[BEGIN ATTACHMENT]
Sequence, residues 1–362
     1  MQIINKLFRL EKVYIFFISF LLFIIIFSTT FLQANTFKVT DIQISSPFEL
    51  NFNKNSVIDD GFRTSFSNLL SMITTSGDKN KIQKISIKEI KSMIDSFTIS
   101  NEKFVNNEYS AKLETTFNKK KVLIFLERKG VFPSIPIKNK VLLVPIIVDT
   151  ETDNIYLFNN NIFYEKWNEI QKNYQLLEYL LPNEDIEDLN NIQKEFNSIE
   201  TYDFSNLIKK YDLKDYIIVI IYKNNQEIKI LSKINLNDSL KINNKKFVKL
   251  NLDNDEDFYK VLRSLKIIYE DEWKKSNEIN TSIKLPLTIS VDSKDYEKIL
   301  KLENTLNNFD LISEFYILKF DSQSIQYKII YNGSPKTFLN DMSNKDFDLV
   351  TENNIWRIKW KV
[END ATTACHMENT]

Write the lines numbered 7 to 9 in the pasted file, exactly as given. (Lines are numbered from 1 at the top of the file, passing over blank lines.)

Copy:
   251  NLDNDEDFYK VLRSLKIIYE DEWKKSNEIN TSIKLPLTIS VDSKDYEKIL
   301  KLENTLNNFD LISEFYILKF DSQSIQYKII YNGSPKTFLN DMSNKDFDLV
   351  TENNIWRIKW KV